Earlier today I was stretching at the gym and the man near me, George, struck up a conversation. He asked if I knew any stretches for lower back pain. While probing a little further he mentioned that he recently had knee surgery, and the lower back pain started after that.
That makes sense. The knee is the largest joint in the body and, as it connects the thigh with the lower calf and bears the brunt of the body’s weight, it is quite susceptible to injuries. According to the American Academy of Orthopaedic Surgeons (AAOS), “More than 800,000 hip and knee replacement surgeries were performed in 2003 in the United States.”Many times a person with a hurt knee will try to compensate for this by shifting weight to the other knee, thereby making other body parts unbalanced, like the hip flexors, which in turn can cause lower back pain.
I suggested he try some Pilates moves.
In case you were wondering, The Pilates Method was started by Joseph Pilates in the 1920’s. Joseph was a German born circus performer and boxer living in England. When World War I started he, along with other Germans, was put in an internment camp. With limited tools available, he developed exercises that made the basis of the Pilates mat exercises you see today. He began helping injured detainees and became known for his rehabilitation success. After the war he moved to New York City where his studio was located near all the dance studios, and his methods became very popular among Broadway’s finest as well as elite athletes. People he taught opened their own Pilates studios and it caught on from there.
Pilates focuses on strengthening your core, which is comprised of the muscles of your abdomen and back. As your torso gains strength and flexibility so do your limbs supporting the spine. These poses require nothing more than a mat and can be done at home as well as the gym.
These photos and instructions are quoted from Pilates.About.com. See the full article here.
“Child’s Pose – Here’s How:
- Begin kneeling on your mat with your butt on your heels.
- With your toes together, open your knees to at least hip distance apart.
- Lean forward and drape your body over your thighs so that your forehead rests on the floor.
- Reach your arms out in front of you. Alternately, you can leave your arms along your sides. Try both and see which feels best to you.
- Breathe deeply and relax. Release any tension you might be feeling in your back, neck, or hips. Give this exercise time to work. It can take a few minutes to allow your body to deepen into the stretch.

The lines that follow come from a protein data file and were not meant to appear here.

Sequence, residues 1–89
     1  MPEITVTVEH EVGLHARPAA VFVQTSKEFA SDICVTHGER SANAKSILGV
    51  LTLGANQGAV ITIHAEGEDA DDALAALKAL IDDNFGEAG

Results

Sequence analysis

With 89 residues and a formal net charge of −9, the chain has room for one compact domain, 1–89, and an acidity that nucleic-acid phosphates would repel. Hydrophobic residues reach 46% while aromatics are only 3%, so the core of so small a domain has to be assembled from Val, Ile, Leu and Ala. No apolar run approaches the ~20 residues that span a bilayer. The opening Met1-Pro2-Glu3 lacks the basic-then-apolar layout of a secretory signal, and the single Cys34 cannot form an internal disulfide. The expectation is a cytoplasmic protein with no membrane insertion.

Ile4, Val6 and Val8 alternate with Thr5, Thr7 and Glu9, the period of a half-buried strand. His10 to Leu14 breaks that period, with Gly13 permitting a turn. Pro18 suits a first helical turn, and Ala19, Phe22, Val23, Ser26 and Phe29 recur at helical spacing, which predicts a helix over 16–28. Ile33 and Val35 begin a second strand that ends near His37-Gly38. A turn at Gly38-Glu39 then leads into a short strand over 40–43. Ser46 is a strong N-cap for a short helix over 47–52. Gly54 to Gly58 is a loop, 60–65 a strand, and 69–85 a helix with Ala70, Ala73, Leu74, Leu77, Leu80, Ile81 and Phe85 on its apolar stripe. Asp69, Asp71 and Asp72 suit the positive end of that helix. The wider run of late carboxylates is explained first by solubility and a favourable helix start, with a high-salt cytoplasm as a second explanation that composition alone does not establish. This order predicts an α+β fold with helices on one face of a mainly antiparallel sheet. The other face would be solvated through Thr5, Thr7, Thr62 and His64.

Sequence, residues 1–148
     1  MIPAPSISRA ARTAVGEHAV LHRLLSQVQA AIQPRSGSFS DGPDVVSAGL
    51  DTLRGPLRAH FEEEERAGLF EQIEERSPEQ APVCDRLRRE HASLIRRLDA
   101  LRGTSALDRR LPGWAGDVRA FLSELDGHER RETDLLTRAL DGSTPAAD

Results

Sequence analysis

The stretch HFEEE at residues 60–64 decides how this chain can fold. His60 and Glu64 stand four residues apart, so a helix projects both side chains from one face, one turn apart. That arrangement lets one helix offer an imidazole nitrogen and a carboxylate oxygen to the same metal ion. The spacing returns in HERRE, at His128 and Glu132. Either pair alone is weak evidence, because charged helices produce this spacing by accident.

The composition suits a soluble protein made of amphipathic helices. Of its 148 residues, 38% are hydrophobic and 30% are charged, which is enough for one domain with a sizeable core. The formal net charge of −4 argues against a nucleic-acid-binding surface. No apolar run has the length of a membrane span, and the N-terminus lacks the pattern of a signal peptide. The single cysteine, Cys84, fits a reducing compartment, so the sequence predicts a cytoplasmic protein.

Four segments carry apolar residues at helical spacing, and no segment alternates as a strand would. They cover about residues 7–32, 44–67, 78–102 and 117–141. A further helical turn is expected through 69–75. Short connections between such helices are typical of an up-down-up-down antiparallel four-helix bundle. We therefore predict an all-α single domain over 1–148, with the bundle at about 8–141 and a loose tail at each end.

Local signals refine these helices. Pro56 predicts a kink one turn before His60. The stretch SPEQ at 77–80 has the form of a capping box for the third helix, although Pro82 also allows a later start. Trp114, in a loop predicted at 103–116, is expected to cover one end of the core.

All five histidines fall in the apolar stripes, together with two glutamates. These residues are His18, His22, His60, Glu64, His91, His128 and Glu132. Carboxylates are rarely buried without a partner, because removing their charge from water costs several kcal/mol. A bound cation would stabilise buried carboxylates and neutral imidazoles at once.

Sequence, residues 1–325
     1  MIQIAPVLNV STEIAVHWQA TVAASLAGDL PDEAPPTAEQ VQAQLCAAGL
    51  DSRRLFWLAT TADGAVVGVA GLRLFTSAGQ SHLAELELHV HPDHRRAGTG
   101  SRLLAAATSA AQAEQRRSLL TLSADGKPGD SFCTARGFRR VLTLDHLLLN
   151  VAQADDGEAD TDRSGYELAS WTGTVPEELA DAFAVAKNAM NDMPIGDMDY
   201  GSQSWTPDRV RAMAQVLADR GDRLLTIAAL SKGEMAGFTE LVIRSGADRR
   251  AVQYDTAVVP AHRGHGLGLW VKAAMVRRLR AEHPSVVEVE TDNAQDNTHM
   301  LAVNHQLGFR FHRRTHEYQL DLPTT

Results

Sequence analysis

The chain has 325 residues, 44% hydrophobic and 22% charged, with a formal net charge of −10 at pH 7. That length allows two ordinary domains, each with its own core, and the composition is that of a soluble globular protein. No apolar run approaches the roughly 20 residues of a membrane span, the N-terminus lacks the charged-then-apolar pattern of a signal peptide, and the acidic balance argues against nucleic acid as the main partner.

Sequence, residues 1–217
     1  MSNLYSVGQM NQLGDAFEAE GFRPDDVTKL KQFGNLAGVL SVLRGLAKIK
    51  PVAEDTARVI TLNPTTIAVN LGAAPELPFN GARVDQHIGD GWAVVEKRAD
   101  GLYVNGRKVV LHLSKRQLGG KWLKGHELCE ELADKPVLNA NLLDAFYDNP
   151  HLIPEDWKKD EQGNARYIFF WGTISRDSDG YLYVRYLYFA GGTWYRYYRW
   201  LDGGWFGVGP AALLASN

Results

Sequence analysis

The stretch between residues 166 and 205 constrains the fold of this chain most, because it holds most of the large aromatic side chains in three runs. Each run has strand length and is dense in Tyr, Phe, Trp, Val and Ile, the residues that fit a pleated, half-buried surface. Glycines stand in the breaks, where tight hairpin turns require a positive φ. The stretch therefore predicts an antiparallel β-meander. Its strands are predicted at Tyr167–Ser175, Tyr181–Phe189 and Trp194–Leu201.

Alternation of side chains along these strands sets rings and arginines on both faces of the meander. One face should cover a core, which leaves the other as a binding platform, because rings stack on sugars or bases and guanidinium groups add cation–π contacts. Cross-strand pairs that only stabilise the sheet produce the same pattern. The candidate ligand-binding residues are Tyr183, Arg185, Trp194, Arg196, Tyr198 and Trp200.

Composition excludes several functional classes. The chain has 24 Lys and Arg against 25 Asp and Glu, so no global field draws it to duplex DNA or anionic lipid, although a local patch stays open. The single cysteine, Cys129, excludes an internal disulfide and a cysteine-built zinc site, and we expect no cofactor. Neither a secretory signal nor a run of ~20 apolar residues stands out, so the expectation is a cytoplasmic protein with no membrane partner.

Spine Stretch – Here’s How:
- Sit up tall on your sit bones. Your legs are extended about shoulder width apart, and your feet are flexed.Reach the top of your head to the sky but let your shoulders stay relaxed. See image above.
- Inhale and extend your arms out in front of you, shoulder height.A modification here would be to place the fingertips on the floor in front of you between your legs.
- Exhale as you lengthen your spine to curve forward. You are going for a deep C-Curve. Allow a deep release in the hips as you keep your shoulders down and reach your fingers toward your toes.
- Inhale and reach a little further as you enjoy the fullness of your stretch.
- Exhale and initiate your return by using the lower abdominals to bring the pelvis upright. Roll up through the spine to sitting.
The Saw- Here’s How:
- Sit up straight on your sit bones.
- Your legs are extended in front of you, about shoulder width apart. If you have tight hamstrings you may need to prop your hips up on small lift, like a folded towel.
- Arms are stretched out to the side, even with your shoulders.
- Inhale: Get taller as you turn your whole torso, but use your abs to keep your hips even with each other.
- Exhale: Let your gaze follow your back hand as you stretch forward and reach the pinky finger of your front hand across the outside of the opposite foot.
- Exhale a little more as you reach a little further.
- Once your reach extends to its furthest point, maintain your turned position as you inhale and return to sitting.
- Exhale and undo your turn, coming to the starting position.
- Repeat this exercise 3 times to each side.”
Hope you find this helpful!